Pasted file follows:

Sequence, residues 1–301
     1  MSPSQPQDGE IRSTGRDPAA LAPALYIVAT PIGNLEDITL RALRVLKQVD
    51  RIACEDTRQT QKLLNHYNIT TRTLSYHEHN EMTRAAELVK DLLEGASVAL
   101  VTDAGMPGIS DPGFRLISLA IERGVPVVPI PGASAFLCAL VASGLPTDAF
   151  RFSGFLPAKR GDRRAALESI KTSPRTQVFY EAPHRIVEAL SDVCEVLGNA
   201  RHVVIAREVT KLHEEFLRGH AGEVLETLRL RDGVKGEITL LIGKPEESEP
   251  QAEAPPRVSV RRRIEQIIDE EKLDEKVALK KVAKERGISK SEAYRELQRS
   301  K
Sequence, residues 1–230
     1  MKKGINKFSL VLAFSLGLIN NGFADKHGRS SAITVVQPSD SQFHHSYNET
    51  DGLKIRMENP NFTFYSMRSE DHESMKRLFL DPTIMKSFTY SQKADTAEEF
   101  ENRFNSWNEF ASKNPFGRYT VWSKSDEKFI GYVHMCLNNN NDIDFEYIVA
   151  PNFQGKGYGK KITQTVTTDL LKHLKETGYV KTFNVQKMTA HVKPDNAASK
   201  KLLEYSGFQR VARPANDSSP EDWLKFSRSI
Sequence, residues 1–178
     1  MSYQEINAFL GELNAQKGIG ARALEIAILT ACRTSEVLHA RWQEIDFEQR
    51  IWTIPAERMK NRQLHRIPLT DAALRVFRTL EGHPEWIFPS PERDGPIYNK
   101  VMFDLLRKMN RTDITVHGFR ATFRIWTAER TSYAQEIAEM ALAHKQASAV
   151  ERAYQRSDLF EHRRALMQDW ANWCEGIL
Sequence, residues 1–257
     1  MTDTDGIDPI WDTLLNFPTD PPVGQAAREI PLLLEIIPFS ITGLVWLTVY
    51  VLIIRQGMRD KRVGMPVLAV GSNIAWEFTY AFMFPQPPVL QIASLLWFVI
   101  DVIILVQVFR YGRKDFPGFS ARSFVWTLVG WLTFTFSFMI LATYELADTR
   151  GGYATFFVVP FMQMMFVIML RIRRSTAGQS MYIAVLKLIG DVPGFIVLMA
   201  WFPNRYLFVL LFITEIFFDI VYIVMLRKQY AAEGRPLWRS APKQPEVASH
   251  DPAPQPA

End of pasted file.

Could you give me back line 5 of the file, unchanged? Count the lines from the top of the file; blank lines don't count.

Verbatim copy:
   151  RFSGFLPAKR GDRRAALESI KTSPRTQVFY EAPHRIVEAL SDVCEVLGNA